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Second Norway-South Africa Science Week to stimulate oceans science and economy

1st December 2017 BY: Schalk Burger
Creamer Media Senior Contributing Editor

The second Norway-South Africa Science Week will provide a platform for scientists, researchers, civil servants and business people from both countries to share best practices and policies to promote the sustainable use of ocean resources.

Norwegian ambassador to South Africa, Botswana, Madagascar and Namibia, Ambassador Trine Skymoen, on Friday, told Engineering News Online that Norway has significant scientific research and cooperation ties with South Africa and has recognised experience in the sustainable use of oceanic resources, including aquaculture, oil and gas and fishery management.

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“The aim is to forge a partnership in the oceans space. Norway generates much of its wealth from its oceanic resources, including through maritime freight services and seafood exports. We know that we must use the resources from the ocean sustainably as we will rely on these resources forever.”

Norway discovered oil in its exclusive economic zone in 1969 and, while this added another factor to the resources it could harvest from the sea, the country managed the exploitation so as not to harm its fish resources.

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Sustainable fishing and enforcement of laws to combat illegal fishing practices and other ocean-based crimes will also be key topics of discussion at the science week. Illegal fishing is a global challenge and the aim is for the experts from both regions to share their challenges and solutions.

Norway sponsors an oceans-policing academy at the Nelson Mandela Metropolitan University, in Port Elizabeth, called Fish Force. The academy trains fishery inspectors, members of the police and officials in ocean surveillance and combatting fish and ocean crimes.

“Scientists play an important role in the oceans economy, as they are the ones who know what resources are present and can provide information on the positive and negative impacts of using the resources, as well as how to mitigate negative impacts to use the resources sustainably,” she highlighted.

Further, Norwegian scientists have been conducting research in cooperation with coastal African countries for 40 years aboard the Dr Fridtjof Nansen advanced research vessel (the current ship is the third to carry the name). The vessel conducts research on marine resources, including sea life, pollution and conditions over time. It is currently operating along the Namibian coast and will be in South Africa in December and January.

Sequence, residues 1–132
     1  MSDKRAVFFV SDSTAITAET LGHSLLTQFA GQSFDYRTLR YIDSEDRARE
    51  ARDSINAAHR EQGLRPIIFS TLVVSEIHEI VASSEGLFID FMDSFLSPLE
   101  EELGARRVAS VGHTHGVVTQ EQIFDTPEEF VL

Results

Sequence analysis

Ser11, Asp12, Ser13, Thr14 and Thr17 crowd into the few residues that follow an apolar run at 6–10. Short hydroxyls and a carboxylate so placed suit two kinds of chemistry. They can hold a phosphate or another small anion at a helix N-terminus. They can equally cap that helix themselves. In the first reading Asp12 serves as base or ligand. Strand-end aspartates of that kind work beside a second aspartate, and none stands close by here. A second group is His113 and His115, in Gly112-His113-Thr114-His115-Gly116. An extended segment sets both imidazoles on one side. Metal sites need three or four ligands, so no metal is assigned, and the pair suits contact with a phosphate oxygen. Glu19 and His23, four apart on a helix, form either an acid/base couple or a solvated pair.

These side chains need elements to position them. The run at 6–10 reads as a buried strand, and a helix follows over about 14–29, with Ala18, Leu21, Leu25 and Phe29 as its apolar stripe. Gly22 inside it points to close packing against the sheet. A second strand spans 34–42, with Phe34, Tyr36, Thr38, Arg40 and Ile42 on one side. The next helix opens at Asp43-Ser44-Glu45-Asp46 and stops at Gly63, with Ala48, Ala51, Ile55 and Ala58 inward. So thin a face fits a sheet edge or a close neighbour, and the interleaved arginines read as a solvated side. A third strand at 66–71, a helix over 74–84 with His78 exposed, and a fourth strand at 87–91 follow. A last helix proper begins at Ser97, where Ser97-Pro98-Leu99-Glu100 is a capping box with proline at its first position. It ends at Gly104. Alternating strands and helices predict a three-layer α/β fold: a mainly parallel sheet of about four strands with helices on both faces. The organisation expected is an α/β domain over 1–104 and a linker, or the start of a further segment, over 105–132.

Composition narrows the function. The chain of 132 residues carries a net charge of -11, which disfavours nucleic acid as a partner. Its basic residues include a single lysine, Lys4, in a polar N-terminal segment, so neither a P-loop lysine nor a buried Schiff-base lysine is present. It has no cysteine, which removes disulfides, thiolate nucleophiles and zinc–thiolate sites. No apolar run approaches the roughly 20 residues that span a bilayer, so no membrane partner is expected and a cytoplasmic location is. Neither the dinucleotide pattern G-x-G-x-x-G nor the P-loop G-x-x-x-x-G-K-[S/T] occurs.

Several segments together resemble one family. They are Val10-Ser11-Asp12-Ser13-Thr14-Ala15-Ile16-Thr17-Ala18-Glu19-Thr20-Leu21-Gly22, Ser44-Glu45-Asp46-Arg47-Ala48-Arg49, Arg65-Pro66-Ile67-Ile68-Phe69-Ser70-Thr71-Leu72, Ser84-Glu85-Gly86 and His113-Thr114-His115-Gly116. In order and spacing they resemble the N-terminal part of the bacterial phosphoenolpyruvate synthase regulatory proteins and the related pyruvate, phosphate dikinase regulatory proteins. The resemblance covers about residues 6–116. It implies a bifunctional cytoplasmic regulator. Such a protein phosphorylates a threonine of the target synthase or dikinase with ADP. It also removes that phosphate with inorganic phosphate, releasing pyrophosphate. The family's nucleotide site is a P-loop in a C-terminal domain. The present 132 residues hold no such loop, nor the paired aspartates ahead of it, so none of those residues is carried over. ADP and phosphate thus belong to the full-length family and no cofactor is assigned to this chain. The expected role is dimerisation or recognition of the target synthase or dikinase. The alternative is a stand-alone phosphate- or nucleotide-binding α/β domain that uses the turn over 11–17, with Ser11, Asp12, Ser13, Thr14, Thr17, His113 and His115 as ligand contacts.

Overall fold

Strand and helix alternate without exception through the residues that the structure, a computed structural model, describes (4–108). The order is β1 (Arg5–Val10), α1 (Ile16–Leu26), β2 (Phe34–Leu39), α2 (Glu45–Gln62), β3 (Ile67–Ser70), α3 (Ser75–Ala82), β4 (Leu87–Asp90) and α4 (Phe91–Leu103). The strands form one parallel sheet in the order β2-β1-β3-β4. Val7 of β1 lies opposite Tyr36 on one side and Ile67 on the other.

“The work by the scientists on board, from Norway and the countries along which the research is done, is a practical example of common research and science collaboration between the countries,” Skymoen said.

One example of regional cooperation between South Africa, Namibia and Angola to manage fish resources, called the Benguela Current Commission, is supported by work done by the scientists aboard the Dr Fridtjof Nansen.

Direct scientific cooperation and the sharing of government policies and commercial best practices will serve to boost the economic and subsequent developmental impact of using ocean resources sustainably.

Notably, Norway has significant capabilities and experience in shipping, seaborne freight and port operations that it can share with South Africa, which is aiming to improve its port capabilities and ship repair and other maritime freight services, she said.

The two countries have a long-standing bilateral research cooperation agreement, called South Africa-Norway Cooperation, which is focused on clean energy, the environment and climate change. The agreement will be renamed to South Africa-Norway Oceans to reflect the focus on the oceans and blue economy.

Further, a few Norwegian freight companies are sourcing young cadets from South Africa to serve on international trade ships and freighters. This helps to provide the skills that South Africa needs to tap the potential of its oceans economy.

Skymoen also highlighted the significant aquaculture experience that Norway has, with the country producing salmon for export around the world, including South Africa, and this experience, including the policies for sustainable use, can be used to stimulate the development of South Africa’s aquaculture sector.

“If we are to secure the protein to feed the world’s population, we will need clean and healthy oceans. This scientific cooperation and the science week, in particular, are part of the work being done to ensure that we can effectively use all the ocean resources side by side and sustainably.”

The Norway-South Africa Science Week will be held in Pretoria and Cape Town from December 4 to 8. 

EDITED BY: Chanel de Bruyn Creamer Media Senior Deputy Editor Online
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